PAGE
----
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Board Games Draughts/Checkers Humans 0 – 1 Computers 1962 Arthur Samuels program beat state champion 1990 world champ beaten Completely solved in 2007.

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Presentation on theme: "Board Games Draughts/Checkers Humans 0 – 1 Computers 1962 Arthur Samuels program beat state champion 1990 world champ beaten Completely solved in 2007."— Presentation transcript:

1 Board Games Draughts/Checkers Humans 0 – 1 Computers 1962 Arthur Samuels program beat state champion 1990 world champ beaten Completely solved in 2007 Program: Chinook Why is draughts easy for computers? Limited number of possible moves

2 Board Games Backgammon Humans 0 – 1 Computers World champ defeated in 1979 Used Fuzzy logic Later used neural networks Features of Backgammon Lots of random dice throws Many possibilities

3 Board Games Chess Humans 0 – 1 Computers World champ defeated in 1997 Deep Fritz beat champ in 2006 Humans dont want to play computers because computers are too good But computers can be useful for practice Why is chess (relatively) easy for computers? (Very easy to beat non-experts) Not so many possibilities Good evaluation functions pieces, their positions, and stage in game

4 Board Games Go (Wei Qi) Humans 1 – 0 Computers Humans dont want to play computers because computers are too bad But computers can be useful in the endgame Why is go so hard for computers? 19x19 board Bigger board, more possibilities Gets harder as board fills up Local analysis not enough Evaluation seems to require pattern recognition – good shape

5 Problem solving More general than board games Classic problems… monkey chair banana

6 Problem solving Towers of Hanoi Missionaries and cannibals Pouring jugs Movable squares Route finding Find order to assemble machine parts Find amino acids to build proteins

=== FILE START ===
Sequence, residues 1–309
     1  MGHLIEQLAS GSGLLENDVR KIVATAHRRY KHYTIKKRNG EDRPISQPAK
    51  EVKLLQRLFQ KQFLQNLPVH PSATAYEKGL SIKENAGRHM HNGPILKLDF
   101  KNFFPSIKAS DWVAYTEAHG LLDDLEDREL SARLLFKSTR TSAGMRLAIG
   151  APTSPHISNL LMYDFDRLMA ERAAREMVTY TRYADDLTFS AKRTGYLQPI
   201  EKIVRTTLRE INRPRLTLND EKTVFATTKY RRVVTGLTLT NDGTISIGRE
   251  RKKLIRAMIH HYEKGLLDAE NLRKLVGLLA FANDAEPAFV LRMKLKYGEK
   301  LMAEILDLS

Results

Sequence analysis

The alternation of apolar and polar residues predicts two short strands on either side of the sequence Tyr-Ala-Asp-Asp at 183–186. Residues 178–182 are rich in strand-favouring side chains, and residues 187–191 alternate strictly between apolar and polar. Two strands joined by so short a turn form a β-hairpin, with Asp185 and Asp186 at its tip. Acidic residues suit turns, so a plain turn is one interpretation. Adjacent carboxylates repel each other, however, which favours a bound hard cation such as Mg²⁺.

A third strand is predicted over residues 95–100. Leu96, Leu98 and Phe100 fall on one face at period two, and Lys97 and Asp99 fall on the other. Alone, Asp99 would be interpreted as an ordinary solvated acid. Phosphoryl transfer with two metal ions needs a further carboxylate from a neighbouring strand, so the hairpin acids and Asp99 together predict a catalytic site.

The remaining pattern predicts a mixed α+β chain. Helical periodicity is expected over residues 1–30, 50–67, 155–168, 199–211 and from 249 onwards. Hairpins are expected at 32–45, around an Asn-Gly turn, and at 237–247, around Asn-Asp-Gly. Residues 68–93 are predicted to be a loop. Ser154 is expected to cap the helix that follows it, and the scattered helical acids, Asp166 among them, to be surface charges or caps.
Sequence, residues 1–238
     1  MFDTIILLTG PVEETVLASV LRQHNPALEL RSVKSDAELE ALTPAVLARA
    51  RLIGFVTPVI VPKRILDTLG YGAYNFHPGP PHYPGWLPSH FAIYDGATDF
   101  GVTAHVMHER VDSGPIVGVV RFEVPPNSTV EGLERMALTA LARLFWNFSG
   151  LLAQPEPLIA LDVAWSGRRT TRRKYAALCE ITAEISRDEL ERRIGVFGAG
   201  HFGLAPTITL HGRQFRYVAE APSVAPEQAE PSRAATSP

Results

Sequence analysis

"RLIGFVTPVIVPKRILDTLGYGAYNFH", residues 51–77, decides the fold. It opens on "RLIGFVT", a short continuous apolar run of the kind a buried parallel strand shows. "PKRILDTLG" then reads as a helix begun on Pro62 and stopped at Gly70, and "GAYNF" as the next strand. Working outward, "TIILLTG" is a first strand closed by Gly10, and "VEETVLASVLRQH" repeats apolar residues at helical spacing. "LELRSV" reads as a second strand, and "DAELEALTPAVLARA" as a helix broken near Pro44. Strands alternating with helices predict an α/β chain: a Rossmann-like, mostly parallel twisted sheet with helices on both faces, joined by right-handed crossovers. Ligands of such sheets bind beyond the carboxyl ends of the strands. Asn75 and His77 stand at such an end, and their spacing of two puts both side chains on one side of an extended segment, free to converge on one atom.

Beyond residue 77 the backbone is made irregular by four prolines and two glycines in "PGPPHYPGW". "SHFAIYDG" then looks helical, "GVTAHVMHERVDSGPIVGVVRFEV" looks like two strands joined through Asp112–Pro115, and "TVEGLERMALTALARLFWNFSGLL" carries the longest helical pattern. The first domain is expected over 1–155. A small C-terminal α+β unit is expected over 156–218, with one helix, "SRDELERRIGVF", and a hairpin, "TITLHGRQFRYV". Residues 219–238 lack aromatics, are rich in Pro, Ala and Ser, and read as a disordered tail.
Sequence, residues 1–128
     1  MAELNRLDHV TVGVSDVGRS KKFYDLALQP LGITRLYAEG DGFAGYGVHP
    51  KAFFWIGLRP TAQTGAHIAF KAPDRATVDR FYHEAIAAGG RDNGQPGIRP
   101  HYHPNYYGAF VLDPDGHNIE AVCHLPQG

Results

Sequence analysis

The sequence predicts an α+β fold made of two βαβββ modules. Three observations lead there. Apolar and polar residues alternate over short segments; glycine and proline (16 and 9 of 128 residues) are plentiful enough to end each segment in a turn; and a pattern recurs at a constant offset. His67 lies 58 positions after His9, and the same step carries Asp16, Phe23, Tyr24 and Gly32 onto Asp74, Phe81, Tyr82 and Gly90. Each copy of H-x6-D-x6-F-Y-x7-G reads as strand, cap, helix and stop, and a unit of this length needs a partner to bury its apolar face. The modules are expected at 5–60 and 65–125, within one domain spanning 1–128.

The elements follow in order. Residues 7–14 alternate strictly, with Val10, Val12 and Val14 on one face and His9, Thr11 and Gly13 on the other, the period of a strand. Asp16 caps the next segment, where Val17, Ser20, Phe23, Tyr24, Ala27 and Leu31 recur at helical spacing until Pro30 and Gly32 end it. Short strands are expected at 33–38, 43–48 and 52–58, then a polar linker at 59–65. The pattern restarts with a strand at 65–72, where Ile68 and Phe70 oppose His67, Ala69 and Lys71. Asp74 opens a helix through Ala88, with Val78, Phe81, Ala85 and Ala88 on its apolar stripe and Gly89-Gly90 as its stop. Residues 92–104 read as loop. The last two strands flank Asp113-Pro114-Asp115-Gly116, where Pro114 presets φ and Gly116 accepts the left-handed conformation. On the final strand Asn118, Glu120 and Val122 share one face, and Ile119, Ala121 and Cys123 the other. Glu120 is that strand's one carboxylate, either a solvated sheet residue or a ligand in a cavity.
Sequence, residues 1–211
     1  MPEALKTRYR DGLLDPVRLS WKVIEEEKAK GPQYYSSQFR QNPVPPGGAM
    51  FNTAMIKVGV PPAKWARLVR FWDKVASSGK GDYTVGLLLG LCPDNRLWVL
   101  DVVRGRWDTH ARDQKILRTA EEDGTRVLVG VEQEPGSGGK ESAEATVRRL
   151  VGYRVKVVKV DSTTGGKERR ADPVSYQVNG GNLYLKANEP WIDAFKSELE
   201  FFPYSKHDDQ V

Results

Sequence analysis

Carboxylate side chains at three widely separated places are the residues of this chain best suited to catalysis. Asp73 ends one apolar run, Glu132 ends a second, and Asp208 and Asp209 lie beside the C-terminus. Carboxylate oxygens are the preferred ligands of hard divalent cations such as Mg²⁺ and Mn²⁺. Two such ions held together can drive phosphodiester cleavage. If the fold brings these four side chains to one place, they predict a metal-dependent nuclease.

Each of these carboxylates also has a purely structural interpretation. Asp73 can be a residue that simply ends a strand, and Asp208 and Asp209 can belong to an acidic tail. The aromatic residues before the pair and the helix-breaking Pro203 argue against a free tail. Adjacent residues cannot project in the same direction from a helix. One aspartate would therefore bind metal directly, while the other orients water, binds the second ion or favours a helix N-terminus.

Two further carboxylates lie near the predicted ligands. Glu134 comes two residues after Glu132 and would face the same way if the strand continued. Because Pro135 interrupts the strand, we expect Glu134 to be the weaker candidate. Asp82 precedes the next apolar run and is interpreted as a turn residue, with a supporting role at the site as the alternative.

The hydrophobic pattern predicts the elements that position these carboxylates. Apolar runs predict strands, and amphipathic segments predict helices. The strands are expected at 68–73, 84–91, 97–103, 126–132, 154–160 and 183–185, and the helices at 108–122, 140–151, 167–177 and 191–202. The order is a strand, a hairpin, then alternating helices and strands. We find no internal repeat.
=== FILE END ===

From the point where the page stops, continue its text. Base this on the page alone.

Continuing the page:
7 General Problem Solving Problem formulation Initial situation Goal situation Actions that can be done +cost of action Constraints Task: Find the best sequence of permissible actions that can transform the initial situation into the goal situation

8 Problem solving Humans vs. Computers Computers good when The problem can be well defined The relevant knowledge is all available in a form the computer can use Coded in a regular systematic way (like a table) Doesnt matter if there is a huge amount of this knowledge Example: route finding Humans good when Problem is vaguely defined Relevant knowledge not readily available in a convenient form (Doesnt matter if knowledge is in diverse forms) May need to adapt knowledge and solutions from similar problems Not too much knowledge in one form (massive tables) Unless computer support Many modern problems actually solved by hybrid Computer+human Maths, medicine, astronomy, genetics, ….

9 Learning Many different types of learning Simple: associate some stimulus with a response When I press the red button food drops down Intermediate: Learn the map of the room I am in Learn to drive without error Learn to recognise faces Advanced: Scientific Discovery learn about the world through experiments and observation

10 Machine Learning Successes (from Mitchell) Recognise spoken words Automatically adapt to speaker accent, vocabulary etc. Drive a vehicle autonomously ALVINN drove on a public highway DARPA challengers drove off-road Classify new astronomical structures Search through terabytes of data Backgammon TD-Gammon program Played over 1Million games against itself